UA Benefits From Astronomy Superstar's 'Failed Retirement'

"I didn't realize until I moved to England what a desert rat I have become," says astronomy professor Robert C. Kennicutt Jr.

"I didn't realize until I moved to England what a desert rat I have become," says astronomy professor Robert C. Kennicutt Jr.

(Photo courtesy of Texas A&M University College of Science)

An astronomer whose discoveries helped explain how stars are born and plumb the depths of the cosmos more accurately is back at the University of Arizona because he "failed at retiring," as he puts it.

Robert C. Kennicutt Jr. first joined the UA Steward Observatory as an associate professor 30 years ago. In 2008, he was lured to the University of Cambridge, whose faculty roster has included Sir Isaac Newton and the late Stephen Hawking. In 2017, Kennicutt faced mandatory retirement as is common with universities in Europe, but he felt far from ready to trade his pencil for a fishing pole.

Both the UA and Texas A&M University offered Kennicut positions, so he agreed to splitting his academic year between the two. At Texas A&M, he is executive director of the George P. and Cynthia Woods Mitchell Institute for Fundamental Physics and Astronomy. 

The UA stands out as a powerhouse of astronomy research, Kennicutt said, and not only because of its intersections between astronomy, planetary and optical sciences.

"The research done at the UA is second to none, but without the attitude," he says. "Our people are hard driving and hard-working, but they support each other. As one of the older members of the department, I want to keep that spirit going and help mentor the many brilliant younger people who have been hired in recent years."

An expert on star formation and galaxies, Kennicutt is looking forward to the launch of NASA's next generation space telescope, the James Webb Telescope, currently slated for March of 2021, which will offer views of the first galaxies to form in the nascent universe. His office is next door to those of UA faculty members Marcia and George Rieke, who both lead teams that develop instruments for the JWST.

Carving out time for research will not be easy, as Kennicutt was just appointed to co-chair the Astro 2020 Decadal Survey by national academies of sciences, engineering and medicine. The comprehensive study is performed by the academies every 10 years to help determine and prioritize the most important scientific and technological activities in astronomy and astrophysics for the next decade.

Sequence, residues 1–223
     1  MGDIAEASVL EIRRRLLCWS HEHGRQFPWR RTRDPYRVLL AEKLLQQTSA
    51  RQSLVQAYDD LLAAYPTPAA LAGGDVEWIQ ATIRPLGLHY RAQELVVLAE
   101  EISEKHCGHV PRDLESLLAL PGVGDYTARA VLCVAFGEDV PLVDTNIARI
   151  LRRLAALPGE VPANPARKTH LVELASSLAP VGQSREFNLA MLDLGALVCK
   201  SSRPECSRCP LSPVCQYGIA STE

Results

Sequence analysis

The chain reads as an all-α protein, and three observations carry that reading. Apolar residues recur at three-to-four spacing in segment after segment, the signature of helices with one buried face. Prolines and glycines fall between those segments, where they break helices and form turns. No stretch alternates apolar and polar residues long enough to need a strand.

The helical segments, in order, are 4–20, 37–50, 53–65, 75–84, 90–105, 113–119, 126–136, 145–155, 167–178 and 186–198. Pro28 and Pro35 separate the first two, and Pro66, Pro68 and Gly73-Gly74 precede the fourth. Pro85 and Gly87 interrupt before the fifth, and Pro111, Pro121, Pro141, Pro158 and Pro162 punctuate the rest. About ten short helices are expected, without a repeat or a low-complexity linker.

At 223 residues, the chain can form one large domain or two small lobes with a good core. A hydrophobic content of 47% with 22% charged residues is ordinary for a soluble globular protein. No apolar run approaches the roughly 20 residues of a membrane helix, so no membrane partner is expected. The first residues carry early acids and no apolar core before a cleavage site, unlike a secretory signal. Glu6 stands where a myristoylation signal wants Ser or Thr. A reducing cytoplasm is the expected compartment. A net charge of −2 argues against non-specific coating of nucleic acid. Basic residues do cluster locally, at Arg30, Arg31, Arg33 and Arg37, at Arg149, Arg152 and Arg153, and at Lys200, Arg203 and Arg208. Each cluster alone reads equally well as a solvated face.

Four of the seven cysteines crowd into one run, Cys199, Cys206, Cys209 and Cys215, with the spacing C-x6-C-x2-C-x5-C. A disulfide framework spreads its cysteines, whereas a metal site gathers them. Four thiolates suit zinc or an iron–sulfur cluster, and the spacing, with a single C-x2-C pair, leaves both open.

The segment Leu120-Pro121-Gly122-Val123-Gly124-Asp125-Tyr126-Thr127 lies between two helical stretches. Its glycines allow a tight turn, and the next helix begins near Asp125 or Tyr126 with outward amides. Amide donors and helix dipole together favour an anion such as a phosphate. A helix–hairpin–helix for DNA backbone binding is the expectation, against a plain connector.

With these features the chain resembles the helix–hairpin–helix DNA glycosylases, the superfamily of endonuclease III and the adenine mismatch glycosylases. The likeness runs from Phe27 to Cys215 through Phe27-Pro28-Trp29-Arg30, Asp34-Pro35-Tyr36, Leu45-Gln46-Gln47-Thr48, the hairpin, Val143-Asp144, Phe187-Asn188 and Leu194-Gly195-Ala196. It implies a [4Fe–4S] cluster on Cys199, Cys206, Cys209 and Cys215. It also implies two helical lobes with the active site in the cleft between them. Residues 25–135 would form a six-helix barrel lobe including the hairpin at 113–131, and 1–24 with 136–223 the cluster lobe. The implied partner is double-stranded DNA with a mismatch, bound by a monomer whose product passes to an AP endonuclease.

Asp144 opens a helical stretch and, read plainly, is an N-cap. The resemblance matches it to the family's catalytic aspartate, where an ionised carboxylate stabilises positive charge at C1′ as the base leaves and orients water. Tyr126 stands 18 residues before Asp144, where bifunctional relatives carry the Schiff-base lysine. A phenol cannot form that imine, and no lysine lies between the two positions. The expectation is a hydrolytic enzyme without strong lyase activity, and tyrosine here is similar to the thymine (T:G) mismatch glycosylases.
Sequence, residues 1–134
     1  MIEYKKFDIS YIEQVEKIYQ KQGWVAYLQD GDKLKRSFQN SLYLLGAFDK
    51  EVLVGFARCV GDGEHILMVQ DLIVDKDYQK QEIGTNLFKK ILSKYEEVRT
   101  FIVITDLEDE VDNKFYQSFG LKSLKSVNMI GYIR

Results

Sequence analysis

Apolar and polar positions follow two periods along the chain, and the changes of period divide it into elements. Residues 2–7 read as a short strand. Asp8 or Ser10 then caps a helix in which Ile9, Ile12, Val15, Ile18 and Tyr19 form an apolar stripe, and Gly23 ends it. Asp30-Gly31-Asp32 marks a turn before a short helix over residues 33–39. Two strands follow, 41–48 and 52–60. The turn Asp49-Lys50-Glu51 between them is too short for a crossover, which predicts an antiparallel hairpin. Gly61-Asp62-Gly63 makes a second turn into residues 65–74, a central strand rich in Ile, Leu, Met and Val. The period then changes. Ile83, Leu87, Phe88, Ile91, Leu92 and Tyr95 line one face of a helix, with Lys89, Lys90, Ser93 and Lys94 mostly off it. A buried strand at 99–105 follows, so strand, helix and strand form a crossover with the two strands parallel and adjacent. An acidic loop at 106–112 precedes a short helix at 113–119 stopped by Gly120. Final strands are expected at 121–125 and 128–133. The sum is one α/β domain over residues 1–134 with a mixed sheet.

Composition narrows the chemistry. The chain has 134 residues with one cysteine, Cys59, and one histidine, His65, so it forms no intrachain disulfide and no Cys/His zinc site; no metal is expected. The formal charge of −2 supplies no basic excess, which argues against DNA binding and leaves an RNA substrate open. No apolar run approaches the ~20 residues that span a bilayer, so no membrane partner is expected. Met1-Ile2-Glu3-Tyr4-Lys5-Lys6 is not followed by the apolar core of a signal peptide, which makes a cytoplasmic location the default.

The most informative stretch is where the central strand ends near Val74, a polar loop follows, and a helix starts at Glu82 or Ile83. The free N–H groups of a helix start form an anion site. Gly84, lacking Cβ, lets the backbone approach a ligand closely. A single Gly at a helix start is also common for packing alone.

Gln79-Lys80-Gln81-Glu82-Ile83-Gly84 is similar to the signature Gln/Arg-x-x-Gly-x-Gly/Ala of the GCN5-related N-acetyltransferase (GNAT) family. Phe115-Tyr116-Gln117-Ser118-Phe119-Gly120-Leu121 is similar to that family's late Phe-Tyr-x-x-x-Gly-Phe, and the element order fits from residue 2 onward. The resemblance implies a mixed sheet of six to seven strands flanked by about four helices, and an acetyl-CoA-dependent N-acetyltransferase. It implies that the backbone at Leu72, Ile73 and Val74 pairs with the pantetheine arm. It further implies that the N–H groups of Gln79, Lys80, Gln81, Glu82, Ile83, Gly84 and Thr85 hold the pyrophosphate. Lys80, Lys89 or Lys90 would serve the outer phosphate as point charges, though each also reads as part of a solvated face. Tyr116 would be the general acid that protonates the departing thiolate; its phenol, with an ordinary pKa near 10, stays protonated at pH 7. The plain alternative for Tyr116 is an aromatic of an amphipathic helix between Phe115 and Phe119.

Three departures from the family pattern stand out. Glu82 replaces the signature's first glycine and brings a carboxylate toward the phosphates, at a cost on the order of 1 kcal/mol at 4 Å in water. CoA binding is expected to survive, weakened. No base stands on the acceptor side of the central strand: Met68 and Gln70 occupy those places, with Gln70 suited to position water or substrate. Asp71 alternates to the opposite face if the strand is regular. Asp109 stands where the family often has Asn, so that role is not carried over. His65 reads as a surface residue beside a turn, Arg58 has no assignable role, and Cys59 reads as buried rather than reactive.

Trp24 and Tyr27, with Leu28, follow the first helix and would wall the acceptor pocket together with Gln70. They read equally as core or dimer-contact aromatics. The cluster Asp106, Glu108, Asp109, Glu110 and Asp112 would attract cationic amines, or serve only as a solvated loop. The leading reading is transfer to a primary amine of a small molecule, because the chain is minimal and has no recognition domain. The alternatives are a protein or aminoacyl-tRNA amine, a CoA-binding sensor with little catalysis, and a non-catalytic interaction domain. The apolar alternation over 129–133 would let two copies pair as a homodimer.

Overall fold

"We look at the progress that has been made, we talk about what the important research questions are, and we recommend programs for funding," Kennicutt explains. "The survey sets the top priorities for missions and projects over the next decade."

The Hubble Space Telescope owes its existence to previous decadal surveys, as do the ALMA radio telescope array, the NASA Great Observatories Program, and the Large Synoptic Survey Telescope, which will use a UA-produced primary mirror, currently under construction in Chile’s Atacama Desert. The Giant Magellan Telescope, which includes UA and Texas A&M as founding partners, and the Thirty Meter Telescope are jointly seeking a strong recommendation from Astro 2020 for support from the National Science Foundation in the coming decade. The UA's Richard F. Caris Mirror Lab is producing the primary mirror segments for the Giant Magellan Telescope.

Just last week, the National Academy of Sciences selected Kennicutt as the recipient of the 2019 NAS Award for Scientific Reviewing for his influential 1998 review paper, "Star Formation in Galaxies Along the Hubble Sequence." One of the most-cited papers in astrophysics, that publication "synthesized what was understood about how stars form in galaxies and set the course for future research," says Buell Jannuzi, who heads the UA's Department of Astronomy and Steward Observatory.

Kennicutt is also known for the Kennicutt–Schmidt law, which defines a relation between the gas density and star formation rate in a given region, and for his role in constraining the value of the Hubble constant, the unit of measurement that astronomers and astrophysicists use to describe the expansion of the universe. He served as co-leader of the scientific team that definitively measured the expansion of the universe, and he continues to research new methods to characterize the evolution of nearby and distant galaxies. 

Earlier this month, the Royal Astronomical Society recognized Kennicutt with its highest honor and lifetime achievement award, the Gold Medal in Astronomy. Past winners include Albert Einstein, Edwin Hubble, Arthur Eddington and Stephen Hawking.

"We are thrilled to have this international leader back as a member of our community," Jannuzi said. "Not only is Rob one of our leading astrophysicists, but he is also a leader in planning for the future of our profession, in both Europe and North America."

Between facilitating suggestions from the scientific community per his role in the Decadal Survey and expanding – literally – his research focus from nearby galaxies to extremely distant ones once the JWST begins observing, Kennicutt looks forward to being a part of the UA community.

"Because I'm semi-retired if you will, my door is always open, and I can help the younger researchers with their teaching and the projects they are working on," he said. "Obviously, this university is attractive because of its many telescopes, but it really is the atmosphere that I enjoy most – high-powered, but collegial at the same time."

Resources for the Media